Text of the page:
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Birds of a Feather

A few years ago, my wife, Peggy, and I visited The British School of Falconry in Manchester, Vermont. To have the thrill of launching birds of prey—Harris Hawks, in our case—from our arm and receiving them back again? No need to ask us twice! Let’s go!

The hawks were quite a bit lighter than they appeared, between four and five pounds, as I recall. Of course, they consist largely of feathers, so what else should have I expected? When it was time to fly my hawk—Wallace, by name—I donned a leather glove on my left arm and secured between my fingers the two straps dangling from his legs. With a heaving hoist of the arm, I released the bird, letting go of the straps at just the right instant. Wallace embraced his climb with an eager flapping of the wings, taking an arcing glide path to a high perch in the field, some distance away. There he sat watching until with sharpest vision he saw me place a single piece of steak atop my gloved fist. Then, choosing a suitable return vector, he swooped in on an admittedly somewhat-nervous me, alighting on my outstretched arm and settling in before partaking of the treat that awaited him there—London broil, served “extremely rare.”

Astonishingly, the falconer explained to us that, though he protects, feeds, and cares for these birds daily, they have no more emotional attachment to him than to us first-time visitors! So when a bird’s belly gets full enough, he loses interest in both the caregiver and the care. Instead, from his field perch, he begins to scan elsewhere for other food—mice, for instance—and is perfectly willing to leave provider and provision behind.

And I have to pause and ask myself, is this how I relate to God? Do I accept all He has to offer in my time of need and then, once nurtured, turn my attention elsewhere? In my most honest moments, I have to say, yes, sometimes I do. And while we understand why Wallace might return to the wild from which he was snatched, it makes no sense for me to go back to the ways from which I am freed. Fortunately, God knows our heart, that we’re prone to stray. So in His limitless love for us, He patiently watches over us, and when our back begins to turn away from Him, He calls us again to Himself, to His comfort and care. For we have found our home; we live freely in Him.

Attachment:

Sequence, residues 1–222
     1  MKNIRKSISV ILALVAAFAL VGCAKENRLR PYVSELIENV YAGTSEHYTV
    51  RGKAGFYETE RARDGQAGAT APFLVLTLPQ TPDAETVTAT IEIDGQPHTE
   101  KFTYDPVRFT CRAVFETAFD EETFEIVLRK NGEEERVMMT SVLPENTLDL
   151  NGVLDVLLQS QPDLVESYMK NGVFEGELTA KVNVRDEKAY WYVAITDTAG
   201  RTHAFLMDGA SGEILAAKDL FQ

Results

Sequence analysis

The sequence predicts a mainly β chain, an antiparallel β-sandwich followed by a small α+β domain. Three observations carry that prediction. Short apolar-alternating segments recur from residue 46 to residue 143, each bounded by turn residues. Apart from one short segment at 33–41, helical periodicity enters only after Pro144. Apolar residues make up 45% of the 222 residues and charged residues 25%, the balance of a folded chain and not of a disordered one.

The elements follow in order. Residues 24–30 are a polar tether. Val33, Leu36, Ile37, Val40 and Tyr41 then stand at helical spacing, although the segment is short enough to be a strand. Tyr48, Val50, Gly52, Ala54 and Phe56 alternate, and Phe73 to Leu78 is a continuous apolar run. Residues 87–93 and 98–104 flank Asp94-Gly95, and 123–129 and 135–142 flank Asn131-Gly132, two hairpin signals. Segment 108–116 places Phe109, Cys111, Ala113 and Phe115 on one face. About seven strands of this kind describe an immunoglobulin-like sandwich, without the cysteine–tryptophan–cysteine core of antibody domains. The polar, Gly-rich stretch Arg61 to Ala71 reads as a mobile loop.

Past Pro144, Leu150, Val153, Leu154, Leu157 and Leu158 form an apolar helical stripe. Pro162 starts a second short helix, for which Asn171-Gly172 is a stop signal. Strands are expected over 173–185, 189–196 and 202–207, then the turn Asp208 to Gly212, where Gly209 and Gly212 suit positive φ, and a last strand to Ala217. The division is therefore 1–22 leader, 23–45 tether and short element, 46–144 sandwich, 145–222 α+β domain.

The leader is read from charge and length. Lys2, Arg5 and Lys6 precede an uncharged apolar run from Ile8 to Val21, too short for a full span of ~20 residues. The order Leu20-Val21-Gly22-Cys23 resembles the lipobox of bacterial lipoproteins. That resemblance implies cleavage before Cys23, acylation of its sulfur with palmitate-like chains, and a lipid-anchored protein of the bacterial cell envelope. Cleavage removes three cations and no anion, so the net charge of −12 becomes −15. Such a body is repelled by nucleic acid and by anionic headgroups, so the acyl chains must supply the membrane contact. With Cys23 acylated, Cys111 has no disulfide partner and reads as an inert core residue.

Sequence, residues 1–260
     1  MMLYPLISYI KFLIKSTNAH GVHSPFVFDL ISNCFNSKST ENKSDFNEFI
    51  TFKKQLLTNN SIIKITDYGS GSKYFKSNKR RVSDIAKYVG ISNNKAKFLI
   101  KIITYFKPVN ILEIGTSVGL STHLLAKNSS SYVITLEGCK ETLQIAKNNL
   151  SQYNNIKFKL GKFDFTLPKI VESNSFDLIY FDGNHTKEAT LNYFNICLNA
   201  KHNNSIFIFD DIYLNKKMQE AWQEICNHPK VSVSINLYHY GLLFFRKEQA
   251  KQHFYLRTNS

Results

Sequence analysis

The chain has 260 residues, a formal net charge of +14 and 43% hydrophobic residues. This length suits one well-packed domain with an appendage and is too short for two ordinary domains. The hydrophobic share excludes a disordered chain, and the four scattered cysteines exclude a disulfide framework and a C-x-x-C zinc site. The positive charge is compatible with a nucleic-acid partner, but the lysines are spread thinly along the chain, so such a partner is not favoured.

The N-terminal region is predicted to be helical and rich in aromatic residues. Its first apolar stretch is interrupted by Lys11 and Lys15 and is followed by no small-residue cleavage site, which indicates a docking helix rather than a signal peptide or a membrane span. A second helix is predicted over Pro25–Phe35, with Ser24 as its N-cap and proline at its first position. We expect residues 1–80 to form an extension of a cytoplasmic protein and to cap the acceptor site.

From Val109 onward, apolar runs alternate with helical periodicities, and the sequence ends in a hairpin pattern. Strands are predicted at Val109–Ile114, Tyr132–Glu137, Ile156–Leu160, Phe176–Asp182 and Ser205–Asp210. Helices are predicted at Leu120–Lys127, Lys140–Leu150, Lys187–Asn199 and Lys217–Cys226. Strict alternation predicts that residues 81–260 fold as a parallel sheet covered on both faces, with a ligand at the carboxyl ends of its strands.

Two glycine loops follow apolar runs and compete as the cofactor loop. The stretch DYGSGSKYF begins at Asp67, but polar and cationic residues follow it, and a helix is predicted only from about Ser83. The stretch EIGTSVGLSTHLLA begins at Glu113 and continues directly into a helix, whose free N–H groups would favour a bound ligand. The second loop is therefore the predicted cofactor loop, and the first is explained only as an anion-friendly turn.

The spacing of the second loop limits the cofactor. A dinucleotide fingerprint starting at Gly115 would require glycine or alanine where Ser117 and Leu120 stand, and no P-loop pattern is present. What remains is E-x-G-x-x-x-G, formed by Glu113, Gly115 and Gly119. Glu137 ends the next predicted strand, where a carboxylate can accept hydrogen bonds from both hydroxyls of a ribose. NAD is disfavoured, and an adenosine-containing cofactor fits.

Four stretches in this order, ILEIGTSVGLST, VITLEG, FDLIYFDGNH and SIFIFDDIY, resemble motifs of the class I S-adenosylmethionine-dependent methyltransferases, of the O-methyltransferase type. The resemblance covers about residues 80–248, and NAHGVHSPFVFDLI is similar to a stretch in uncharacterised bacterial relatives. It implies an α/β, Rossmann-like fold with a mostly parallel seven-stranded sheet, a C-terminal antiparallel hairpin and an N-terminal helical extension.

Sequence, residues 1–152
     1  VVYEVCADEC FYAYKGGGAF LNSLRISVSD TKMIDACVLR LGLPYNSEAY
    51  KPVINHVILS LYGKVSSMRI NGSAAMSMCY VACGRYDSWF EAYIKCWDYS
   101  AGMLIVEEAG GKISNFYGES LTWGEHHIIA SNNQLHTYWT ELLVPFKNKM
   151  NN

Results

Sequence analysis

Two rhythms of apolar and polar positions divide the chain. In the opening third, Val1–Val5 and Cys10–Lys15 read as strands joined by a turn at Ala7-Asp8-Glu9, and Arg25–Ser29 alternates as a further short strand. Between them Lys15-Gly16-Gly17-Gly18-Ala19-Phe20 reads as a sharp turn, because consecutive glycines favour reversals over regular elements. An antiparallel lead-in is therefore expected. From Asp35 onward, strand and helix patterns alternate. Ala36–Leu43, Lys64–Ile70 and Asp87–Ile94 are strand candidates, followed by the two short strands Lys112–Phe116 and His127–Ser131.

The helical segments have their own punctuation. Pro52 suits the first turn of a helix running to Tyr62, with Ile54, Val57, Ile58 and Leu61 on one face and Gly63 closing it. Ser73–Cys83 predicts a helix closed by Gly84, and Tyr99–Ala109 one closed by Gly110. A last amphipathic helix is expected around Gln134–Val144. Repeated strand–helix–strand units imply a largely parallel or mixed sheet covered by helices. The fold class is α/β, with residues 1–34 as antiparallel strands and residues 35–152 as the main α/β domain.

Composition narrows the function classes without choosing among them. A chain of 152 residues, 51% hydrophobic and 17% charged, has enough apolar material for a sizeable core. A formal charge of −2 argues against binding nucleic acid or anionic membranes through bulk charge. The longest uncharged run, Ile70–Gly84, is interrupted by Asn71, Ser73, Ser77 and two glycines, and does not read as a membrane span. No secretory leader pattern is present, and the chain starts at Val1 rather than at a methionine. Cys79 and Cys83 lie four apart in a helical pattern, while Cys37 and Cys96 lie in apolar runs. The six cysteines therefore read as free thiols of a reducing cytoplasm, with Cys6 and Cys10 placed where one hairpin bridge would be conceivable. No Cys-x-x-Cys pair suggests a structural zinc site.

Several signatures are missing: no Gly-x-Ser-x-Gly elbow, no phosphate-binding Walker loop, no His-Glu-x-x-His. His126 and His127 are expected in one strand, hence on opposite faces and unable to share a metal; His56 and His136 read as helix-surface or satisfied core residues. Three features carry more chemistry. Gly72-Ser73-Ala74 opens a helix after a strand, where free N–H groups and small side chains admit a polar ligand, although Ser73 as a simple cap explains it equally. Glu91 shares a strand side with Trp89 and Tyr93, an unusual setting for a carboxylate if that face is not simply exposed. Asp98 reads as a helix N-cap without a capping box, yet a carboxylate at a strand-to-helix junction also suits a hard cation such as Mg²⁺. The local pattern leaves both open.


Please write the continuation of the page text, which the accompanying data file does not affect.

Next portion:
I have swept away your offenses like a cloud, your sins like the morning mist. Return to me, for I have redeemed you. (Isaiah 44:22)

 

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Just a Little Bit More

It is a story worth revisiting. Business tycoon and founder of Standard Oil, John D. Rockefeller, was fabulously wealthy, America’s first billionaire. Think Warren Buffett or Bill Gates today. When asked one day, “How much money is enough?” Rockefeller replied, “Just a little bit more.”

Can there be a more profound description of human desire? It’s what we all want—just a little bit more. Another way of saying this is, more is never enough. It mocks us but never sates us. Regardless of our personal currency—be it money and means, accomplishment and adulation, position and power—the supply of more never meets the demand for more; there is no point at which the two intersect.